2014 Cadillac CTS V Sport 18-inch wheelPersonally, I am also put off by CUE, but not to the extent that I would not learn to cope with its inefficiencies over time. Unfortunately, I’ve been told that even at one-third the cost, pre-owned a few years from now, the current Cadillac CTS V Sport will never be featured as this family’s main car. Everyone agreed that sitting in the CTS was a lot like sitting in a cave, no matter how high you raise the seats. Mrs. Cain, lacking all manner of WNBA-like stature, struggled mightily to see the outside world. At 5-foot-11, I myself felt enveloped, and not in a good way. Blind spot monitoring and lane departure warnings and cameras assist, but they don’t overcome low roofs and high beltlines.

Perhaps she would feel different if she recognized the CTS V Sport for what it is, rather than what it looks like. This is a performance car, not a roomy luxury sedan.

We would also feel different if the CTS V Sport didn’t cost so much. Which, in a way, it doesn’t. Cadillac’s $59,995 V Sport and $69,995 V Sport Premium become $56,995 and $66,995 cars, respectively, with current $3000 discounts. That’s a start. Setting style aside, a lowering of the beltline would be helpful if I’m to make my case, too.

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126 Comments on “Capsule Review: 2014 Cadillac CTS V Sport...”


  • avatar

    Best looking grill on a currently-manufactured car in the states.

  • avatar
    IHateCars

    Are those Canadian prices? If not, then it will be even more expensive up here…yikes!
    I’d rather find a leftover CTS-V.

  • avatar
    Astigmatism

    I really, desperately want to like Cadillac’s current lineup, but – and I’m only the millionth person to say this – they simply can’t compete with the German and Japanese luxury marquees on a parallel-pricing basis right now. Not that their cars are inherently worse, but there’s a reason that the mid-90’s Audi A4 had a $4k pricing advantage over the contemporary 3-series, and that the LS400 was launched as price-competitive with the 5-series but was size- and feature-competitive with the 7-series.

    Until Cadillac puts out three solid generations of competitive models and builds equivalent brand equity, it’s hard to imagine Americans (to say nothing of the rest of the world) choosing to drop $60k on one over the equivalent E-Class or 535i.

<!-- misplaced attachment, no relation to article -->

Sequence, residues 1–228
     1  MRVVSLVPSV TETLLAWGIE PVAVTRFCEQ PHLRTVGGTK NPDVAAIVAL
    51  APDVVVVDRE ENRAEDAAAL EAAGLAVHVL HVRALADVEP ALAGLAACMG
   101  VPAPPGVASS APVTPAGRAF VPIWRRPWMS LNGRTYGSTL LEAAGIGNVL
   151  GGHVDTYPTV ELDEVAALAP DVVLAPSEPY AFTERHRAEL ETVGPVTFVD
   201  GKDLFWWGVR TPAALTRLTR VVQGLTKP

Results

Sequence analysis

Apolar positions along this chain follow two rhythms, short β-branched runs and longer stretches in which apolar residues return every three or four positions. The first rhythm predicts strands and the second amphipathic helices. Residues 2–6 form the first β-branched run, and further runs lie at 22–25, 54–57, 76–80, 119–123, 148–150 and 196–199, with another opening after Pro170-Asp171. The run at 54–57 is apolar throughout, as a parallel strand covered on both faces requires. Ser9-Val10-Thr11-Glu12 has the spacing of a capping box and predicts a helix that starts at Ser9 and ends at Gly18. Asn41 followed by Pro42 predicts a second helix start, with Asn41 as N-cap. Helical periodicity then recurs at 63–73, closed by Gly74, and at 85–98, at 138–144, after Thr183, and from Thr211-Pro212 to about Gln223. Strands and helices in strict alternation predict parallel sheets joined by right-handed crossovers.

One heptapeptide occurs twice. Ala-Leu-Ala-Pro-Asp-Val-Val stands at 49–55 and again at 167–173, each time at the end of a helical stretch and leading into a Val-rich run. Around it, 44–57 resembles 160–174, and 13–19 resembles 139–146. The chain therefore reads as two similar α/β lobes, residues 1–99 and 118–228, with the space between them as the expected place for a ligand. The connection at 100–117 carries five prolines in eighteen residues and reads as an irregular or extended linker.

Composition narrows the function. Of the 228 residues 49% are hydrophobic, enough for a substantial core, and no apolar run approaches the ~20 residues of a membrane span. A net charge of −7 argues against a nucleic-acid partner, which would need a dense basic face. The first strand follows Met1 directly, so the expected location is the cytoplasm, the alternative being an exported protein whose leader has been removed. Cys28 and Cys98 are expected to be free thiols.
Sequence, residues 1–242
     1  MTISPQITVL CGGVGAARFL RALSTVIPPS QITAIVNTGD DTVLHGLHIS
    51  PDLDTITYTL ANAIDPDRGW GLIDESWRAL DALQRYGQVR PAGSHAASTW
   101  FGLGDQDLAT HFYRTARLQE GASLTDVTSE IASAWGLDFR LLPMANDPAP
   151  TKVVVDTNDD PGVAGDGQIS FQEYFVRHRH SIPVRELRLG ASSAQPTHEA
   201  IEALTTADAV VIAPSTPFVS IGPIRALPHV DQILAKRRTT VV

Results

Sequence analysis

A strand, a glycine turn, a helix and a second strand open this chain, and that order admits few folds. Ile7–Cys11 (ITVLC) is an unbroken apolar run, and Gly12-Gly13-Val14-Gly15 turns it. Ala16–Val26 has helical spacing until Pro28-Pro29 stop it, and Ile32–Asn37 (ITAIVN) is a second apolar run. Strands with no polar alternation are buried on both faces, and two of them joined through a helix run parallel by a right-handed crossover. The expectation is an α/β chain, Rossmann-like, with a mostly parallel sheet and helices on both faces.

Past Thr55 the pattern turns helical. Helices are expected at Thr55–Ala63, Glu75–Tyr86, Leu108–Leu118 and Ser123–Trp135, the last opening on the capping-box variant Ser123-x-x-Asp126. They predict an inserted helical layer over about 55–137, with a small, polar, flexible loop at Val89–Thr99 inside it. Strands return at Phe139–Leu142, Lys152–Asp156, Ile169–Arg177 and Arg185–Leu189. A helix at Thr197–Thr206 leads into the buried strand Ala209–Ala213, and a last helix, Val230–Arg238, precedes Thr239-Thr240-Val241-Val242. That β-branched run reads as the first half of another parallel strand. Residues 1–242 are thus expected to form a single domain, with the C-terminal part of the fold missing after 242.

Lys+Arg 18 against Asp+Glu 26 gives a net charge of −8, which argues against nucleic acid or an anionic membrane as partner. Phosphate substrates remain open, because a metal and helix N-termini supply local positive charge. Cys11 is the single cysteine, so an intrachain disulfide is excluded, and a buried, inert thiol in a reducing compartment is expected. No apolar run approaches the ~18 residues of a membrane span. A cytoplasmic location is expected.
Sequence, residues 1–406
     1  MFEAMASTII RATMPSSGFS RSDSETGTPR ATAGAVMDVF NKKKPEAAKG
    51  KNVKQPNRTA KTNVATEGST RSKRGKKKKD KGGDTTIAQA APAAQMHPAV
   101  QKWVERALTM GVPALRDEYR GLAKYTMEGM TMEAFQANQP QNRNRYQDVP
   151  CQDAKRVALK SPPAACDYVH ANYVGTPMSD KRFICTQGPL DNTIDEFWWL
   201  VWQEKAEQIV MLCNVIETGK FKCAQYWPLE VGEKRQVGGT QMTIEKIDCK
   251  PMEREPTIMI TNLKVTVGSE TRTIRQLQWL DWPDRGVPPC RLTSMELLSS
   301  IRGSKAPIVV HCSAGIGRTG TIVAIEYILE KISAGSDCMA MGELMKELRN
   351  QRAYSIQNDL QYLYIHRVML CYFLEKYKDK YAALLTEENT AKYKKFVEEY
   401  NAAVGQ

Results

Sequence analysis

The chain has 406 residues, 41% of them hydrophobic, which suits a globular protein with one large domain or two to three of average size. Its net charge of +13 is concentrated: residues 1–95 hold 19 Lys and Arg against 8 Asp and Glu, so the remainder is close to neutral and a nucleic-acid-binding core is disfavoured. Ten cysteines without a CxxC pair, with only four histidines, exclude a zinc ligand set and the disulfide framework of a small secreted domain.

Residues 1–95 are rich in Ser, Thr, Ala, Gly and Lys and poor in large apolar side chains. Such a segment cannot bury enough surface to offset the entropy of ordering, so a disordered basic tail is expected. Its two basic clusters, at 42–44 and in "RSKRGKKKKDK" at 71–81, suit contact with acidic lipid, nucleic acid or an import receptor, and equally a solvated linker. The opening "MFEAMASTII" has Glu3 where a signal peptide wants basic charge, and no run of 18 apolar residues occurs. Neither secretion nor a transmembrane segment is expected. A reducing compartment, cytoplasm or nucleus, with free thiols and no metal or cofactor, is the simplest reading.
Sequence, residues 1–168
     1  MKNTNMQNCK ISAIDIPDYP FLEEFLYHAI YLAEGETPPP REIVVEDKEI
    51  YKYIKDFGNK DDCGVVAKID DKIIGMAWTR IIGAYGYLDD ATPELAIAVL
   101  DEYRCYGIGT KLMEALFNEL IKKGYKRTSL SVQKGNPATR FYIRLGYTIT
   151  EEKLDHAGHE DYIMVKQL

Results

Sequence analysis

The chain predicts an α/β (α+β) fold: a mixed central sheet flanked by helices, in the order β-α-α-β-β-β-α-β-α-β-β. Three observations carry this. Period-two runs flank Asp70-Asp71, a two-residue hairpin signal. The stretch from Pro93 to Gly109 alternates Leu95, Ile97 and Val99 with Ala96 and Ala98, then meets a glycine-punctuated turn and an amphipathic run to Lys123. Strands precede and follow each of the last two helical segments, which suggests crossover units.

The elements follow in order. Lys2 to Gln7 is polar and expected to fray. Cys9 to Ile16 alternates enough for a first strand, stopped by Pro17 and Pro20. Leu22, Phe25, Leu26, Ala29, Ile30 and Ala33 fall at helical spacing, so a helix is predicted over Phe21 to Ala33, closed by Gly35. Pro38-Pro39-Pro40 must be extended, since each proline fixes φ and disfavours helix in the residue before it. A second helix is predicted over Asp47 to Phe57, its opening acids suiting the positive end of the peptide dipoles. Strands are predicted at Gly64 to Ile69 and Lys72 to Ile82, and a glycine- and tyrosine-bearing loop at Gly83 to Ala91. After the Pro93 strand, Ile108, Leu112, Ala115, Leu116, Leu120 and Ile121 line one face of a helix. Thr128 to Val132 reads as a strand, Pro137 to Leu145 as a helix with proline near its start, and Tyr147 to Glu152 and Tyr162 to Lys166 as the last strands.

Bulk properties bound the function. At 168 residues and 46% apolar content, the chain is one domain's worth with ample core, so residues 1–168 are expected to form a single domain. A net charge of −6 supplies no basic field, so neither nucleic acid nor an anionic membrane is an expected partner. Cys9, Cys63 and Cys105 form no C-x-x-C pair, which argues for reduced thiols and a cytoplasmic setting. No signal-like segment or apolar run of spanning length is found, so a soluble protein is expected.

• 0 avatar
      bortlicenseplate

      I agree with this. Is there a reason why you say it’s 3 full generations that are required (why not 2, or 4?)

      FYI it’s “marques”, not “marquees”. (continues sewing elbow patches on tweed jacket ;))

      • 0 avatar
        Zackman

        “…(continues sewing elbow patches on tweed jacket ;))”

        Hmm… I buy mine off the rack and wear a matching tweed fedora, too!

        • 0 avatar
          Drzhivago138

          My sister got me some leather elbow patches for my birthday, but that was 7 months ago and I still haven’t sewed them on. I’ve got the argyles, I’ve got the corduroy pants, now I just need to get a pipe and my professorcore look will be complete.

          Disclaimer: I actually do wear a fedora, but only when appropriate, like with a suit or ocassionally a sport coat and slacks. And it’s a real fur felt, too, not a wool felt.
          If you’re getting a “fedora” and it’s tweed, it’s not a fedora. It’s probably a $20 trilby you picked up off the rack at JC Penney.

          [/fashionnerd]

      • 0 avatar
        Astigmatism

        Oh no! I’m usually the one noticing spelling and grammar errors in others’ posts. I’m slipping, and shall atone by ceremonially reciting my dog-eared copy of Strunk & White.

    • 0 avatar
      sportyaccordy

      Well said.

    • 0 avatar
      Chicago Dude

      ” it’s hard to imagine Americans (to say nothing of the rest of the world) choosing to drop $60k on one over the equivalent E-Class or 535i”

      You’re a bit out of date here. $60k buys a well-optioned 2015 C400 or 335. The effective interior room of the CTS is more inline with the C and 3 as well. So pricing-wise, I think Cadillac is right on the money.

      But the problem is that BMW knew what it was doing when it went soft. Driving sucks these days. People that can afford 60 grand for a car don’t have the time to spend a week making unnecessary trips to the grocery store and finding multiple empty highway on-ramps. Well, most of them don’t. Some do. But not enough.

      • 0 avatar
        Astigmatism

        Chicago, I disagree with your second paragraph. The CTS is size- and price-matched against the German mid-level cars: it’s longer than all of them, and has more interior volume than any other than the BMW. It’s also plenty easy to option a CTS into the mid-60s. See http://www.caranddriver.com/comparisons/2014-cadillac-cts-36-vs-audi-a6-bmw-535i-mercedes-e350-comparison-test-review-final-scoring-performance-data-and-complete-specs-page-6. According to TrueDelta, the CTS 3.6 has a $2,450 price advantage compared to the 535i, but the 335i has a $7,500 price advantage compared to the CTS.

      • 0 avatar
        DeadWeight

        Nearly everyone will scream “apples vs oranges” regarding the comparison I will now make, and so be it: